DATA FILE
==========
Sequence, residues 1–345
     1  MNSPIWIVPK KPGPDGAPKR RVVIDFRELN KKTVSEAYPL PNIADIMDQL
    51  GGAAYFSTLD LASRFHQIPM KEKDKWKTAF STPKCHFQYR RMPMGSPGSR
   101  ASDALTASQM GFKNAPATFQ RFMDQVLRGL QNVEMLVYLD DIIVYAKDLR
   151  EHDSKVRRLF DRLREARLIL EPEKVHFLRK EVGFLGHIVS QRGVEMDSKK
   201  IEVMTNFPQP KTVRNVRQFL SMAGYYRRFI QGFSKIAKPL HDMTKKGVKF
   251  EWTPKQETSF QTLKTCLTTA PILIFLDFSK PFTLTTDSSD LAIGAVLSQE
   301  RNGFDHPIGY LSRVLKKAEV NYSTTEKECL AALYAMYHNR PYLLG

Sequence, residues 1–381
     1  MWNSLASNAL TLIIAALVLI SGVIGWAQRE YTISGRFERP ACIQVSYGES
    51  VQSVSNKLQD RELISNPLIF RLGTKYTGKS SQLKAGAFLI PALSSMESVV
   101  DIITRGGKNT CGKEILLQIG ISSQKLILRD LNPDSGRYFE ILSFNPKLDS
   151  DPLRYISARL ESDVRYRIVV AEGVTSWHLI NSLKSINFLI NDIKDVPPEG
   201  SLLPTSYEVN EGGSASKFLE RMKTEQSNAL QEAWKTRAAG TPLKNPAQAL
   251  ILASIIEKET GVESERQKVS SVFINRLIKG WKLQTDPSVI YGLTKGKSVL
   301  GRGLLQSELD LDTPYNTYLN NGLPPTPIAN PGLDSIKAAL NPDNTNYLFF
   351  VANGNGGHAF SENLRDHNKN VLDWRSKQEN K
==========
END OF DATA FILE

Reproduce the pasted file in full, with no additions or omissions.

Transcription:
Sequence, residues 1–345
     1  MNSPIWIVPK KPGPDGAPKR RVVIDFRELN KKTVSEAYPL PNIADIMDQL
    51  GGAAYFSTLD LASRFHQIPM KEKDKWKTAF STPKCHFQYR RMPMGSPGSR
   101  ASDALTASQM GFKNAPATFQ RFMDQVLRGL QNVEMLVYLD DIIVYAKDLR
   151  EHDSKVRRLF DRLREARLIL EPEKVHFLRK EVGFLGHIVS QRGVEMDSKK
   201  IEVMTNFPQP KTVRNVRQFL SMAGYYRRFI QGFSKIAKPL HDMTKKGVKF
   251  EWTPKQETSF QTLKTCLTTA PILIFLDFSK PFTLTTDSSD LAIGAVLSQE
   301  RNGFDHPIGY LSRVLKKAEV NYSTTEKECL AALYAMYHNR PYLLG

Sequence, residues 1–381
     1  MWNSLASNAL TLIIAALVLI SGVIGWAQRE YTISGRFERP ACIQVSYGES
    51  VQSVSNKLQD RELISNPLIF RLGTKYTGKS SQLKAGAFLI PALSSMESVV
   101  DIITRGGKNT CGKEILLQIG ISSQKLILRD LNPDSGRYFE ILSFNPKLDS
   151  DPLRYISARL ESDVRYRIVV AEGVTSWHLI NSLKSINFLI NDIKDVPPEG
   201  SLLPTSYEVN EGGSASKFLE RMKTEQSNAL QEAWKTRAAG TPLKNPAQAL
   251  ILASIIEKET GVESERQKVS SVFINRLIKG WKLQTDPSVI YGLTKGKSVL
   301  GRGLLQSELD LDTPYNTYLN NGLPPTPIAN PGLDSIKAAL NPDNTNYLFF
   351  VANGNGGHAF SENLRDHNKN VLDWRSKQEN K